Notes and Editorial Reviews
Piano Trio in D,
op. 70/1, “Ghost.”
Piano Trio No. 1 in B,
Trio Carlo Van Neste
PAVANE 7529 (62:57)
Here is yet another recently formed ensemble, this one Belgian, in 2005. In its short existence, it has already seen the departure of its founding member, violinist Carlo Van Neste, who has been replaced by Noè Inui. Of the original lineup, cellist Alexandre
Debrus and pianist Sébastien Lienart remain. The ensemble’s website lists two other recordings besides the one at hand, an album of tangos by Piazzolla, and one of Dvo?ák’s “Dumky” Trio coupled with Smetana’s trio.
Any chamber music group, whether veteran or new to the scene, had better be in the “exceptionally good” category to offer another version of two of the most oft-recorded works in the piano trio literature. Happily, I can report that the Trio Carlo Van Neste is in that singular class.
The “Ghost” Trio takes its name from the second movement of the piece, marked Largo assai ed espressivo. At the time, Beethoven was tinkering with ideas for an opera based on
, as has sometimes been erroneously stated), so it’s not far-fetched to infer that the play’s ghost scene worked its way from the composer’s impressionable imagination into the trio. For me, however, this movement has never conjured images of spectral spirits floating through the ether. In fact, I admit to experiencing a bit of impatience every time I hear it, feeling that Beethoven has pestered his point rather longer than necessary. In truth, there’s really not much here that’s new. We’ve heard this game of “dodge the resolution” from Beethoven before, albeit not at such length, in the Introduzione movement of the “Waldstein” Sonata. Diminished- seventh and melodic-tritone clichés abound in both scores, but here the “ghost” movement is augmented by sepulchral tremolos wafting up from the crypt in the cellar of the haunted house.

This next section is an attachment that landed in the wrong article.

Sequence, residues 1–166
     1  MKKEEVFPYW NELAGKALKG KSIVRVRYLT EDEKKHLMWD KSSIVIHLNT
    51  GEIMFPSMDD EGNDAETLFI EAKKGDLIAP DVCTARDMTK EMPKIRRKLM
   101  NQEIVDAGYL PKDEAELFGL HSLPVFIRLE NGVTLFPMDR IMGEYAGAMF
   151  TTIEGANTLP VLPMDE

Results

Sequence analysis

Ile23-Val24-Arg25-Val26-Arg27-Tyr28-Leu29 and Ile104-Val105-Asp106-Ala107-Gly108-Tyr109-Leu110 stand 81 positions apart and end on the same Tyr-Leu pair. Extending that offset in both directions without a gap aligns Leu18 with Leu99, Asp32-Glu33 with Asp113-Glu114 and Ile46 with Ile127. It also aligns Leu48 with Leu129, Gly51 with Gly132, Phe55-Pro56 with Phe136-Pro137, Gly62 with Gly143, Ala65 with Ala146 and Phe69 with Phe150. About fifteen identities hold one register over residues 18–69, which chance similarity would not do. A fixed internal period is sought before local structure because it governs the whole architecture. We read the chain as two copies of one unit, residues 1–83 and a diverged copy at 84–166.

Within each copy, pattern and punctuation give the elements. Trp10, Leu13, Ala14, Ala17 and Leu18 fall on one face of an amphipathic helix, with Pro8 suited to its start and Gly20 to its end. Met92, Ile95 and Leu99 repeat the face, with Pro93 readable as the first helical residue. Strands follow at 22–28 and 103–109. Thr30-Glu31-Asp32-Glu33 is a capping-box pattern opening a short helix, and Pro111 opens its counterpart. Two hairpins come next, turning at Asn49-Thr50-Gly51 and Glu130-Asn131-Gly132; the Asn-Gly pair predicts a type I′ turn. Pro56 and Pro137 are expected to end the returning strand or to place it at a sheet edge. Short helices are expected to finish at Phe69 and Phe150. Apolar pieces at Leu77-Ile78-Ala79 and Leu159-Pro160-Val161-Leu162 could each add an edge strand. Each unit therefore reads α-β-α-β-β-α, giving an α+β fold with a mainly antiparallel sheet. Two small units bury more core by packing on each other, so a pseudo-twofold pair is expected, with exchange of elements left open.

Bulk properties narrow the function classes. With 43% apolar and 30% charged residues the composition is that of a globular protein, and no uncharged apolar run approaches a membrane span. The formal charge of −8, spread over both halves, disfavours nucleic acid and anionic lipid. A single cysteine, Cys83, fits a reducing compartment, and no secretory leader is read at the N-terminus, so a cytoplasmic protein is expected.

If I poke fun, it’s because what’s really new and different in this trio is not the slow movement that gives the work its name, but the first movement, which presents a radical reshaping or restructuring of the thematic-harmonic basis of sonata-allegro form. According to Robert Hatten of Penn State University (french.chass.utoronto.ca/as-sa/ASSA-No4/Vol2.No4.Hatten.pdf), the first movement exploits syntactical harmonic ambiguities of specific chords as a way of synthesizing thematic material so that “motives X and Y,” as Hatten puts it, “while direct contrasts on the surface, are dual perspectives from a single vantage point, that of the implied agency of the work.”
Knowledge of this is not necessary for the listener to recognize that in the realm of piano trio this is a newly minted style of expression for Beethoven. To the ear, the music gives voice to a highly energized, almost freewheeling rhapsodic, if not episodic, style of writing, with seemingly odd rhythmic parsing and a strange chromaticism introduced into the line, while beneath the covers is a new and highly sophisticated treatment of the music’s formal elements. Beethoven dedicated his two op. 70 trios to the Countess Marie von Erdödy in gratitude for her providing him temporary lodgings in her home.